What we remember
Apples and honey; falling leaves

How to Build a Time Machine


Start with two-by-fours and bolts.
Fashion a rectangle. Add crossbeams.

Then attach four posts sticking up
like the frame of an old-fashioned bed.

You'll need another pair of hands
to invert it, a wobbly table

higher than you are tall.
Lattices brace, giving the illusion

of wall. Hurl cornstalk javelins
onto the sketch of a roof. Thread

strands of light around the rafters,
golden garlands between the corn.

Hang variegated gourds beside
whatever shiny art or gadgetry

appeals to the five-year-old eye.
When the last paperclip is hooked

you're ready to step inside.
Wave palm fronds until they clack,

thumb the etrog and breathe deep.
Notice the sky change.

There's no controlling
where it will take you: to last year?

To next year? To the year when illness
revealed the fragility of your veins?

Or maybe to the forty years' wandering,
smoky cookfires and bleating goats,

nights beneath the tender curl
of God's sheltering embrace.

When you re-enter your old house again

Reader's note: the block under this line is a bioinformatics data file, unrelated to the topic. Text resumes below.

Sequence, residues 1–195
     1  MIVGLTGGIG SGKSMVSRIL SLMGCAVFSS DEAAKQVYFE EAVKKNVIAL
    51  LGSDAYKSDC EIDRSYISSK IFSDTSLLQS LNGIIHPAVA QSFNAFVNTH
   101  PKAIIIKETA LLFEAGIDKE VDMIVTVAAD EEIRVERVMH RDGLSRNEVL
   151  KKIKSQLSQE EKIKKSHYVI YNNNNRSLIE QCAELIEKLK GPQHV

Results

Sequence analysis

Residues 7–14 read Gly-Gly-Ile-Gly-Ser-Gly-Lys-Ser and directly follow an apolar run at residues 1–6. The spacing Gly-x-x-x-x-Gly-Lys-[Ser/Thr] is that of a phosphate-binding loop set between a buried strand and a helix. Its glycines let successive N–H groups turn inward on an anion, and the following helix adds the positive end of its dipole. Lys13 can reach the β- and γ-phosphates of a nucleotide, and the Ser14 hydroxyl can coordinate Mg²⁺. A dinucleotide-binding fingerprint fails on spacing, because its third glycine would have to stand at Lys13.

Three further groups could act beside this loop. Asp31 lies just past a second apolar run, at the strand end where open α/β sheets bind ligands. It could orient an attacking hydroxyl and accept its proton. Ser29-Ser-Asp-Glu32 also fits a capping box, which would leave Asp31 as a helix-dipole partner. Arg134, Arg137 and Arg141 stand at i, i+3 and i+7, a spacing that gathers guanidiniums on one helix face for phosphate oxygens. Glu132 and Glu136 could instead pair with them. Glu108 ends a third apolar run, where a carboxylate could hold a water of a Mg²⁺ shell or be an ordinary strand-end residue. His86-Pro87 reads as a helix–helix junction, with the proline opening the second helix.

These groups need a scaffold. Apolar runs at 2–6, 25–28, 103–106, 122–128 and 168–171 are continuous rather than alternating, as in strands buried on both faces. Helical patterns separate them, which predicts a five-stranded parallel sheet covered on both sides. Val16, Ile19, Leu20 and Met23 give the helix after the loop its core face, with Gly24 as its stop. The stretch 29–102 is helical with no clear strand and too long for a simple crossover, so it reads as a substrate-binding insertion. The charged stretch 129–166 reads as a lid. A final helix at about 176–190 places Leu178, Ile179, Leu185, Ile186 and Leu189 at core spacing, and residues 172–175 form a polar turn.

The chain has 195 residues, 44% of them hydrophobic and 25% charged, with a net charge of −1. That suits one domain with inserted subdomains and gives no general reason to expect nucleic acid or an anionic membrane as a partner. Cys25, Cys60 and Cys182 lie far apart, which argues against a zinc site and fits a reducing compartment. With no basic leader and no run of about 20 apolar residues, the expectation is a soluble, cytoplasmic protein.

don't be surprised if the ceiling

seems too plain. The side effects
are temporary. At week's end

pack the holy components
back in the Rubbermaid ark. Return it

to the basement. Unscrew the walls
and lean them against the garage

where they'll linger, inanimate
logs waiting to be lashed together again

into the raft which will ferry you
across next year's unknown seas.

I found myself wanting to write a poem but casting-about for inspiration. So I turned to the list of poetry prompts which Luisa Igloria shared last National Poetry Writing Month, and chose the one for the 13th day of that month: Write a poem which incorporates a set of instructions on how to get somewhere specific, and then on returning or coming back. The "somewhere specific" wound up being more a state of mind than a literal place, and I suspect the poem will become much shorter in revision at some point, but for now, I'm pleased with it.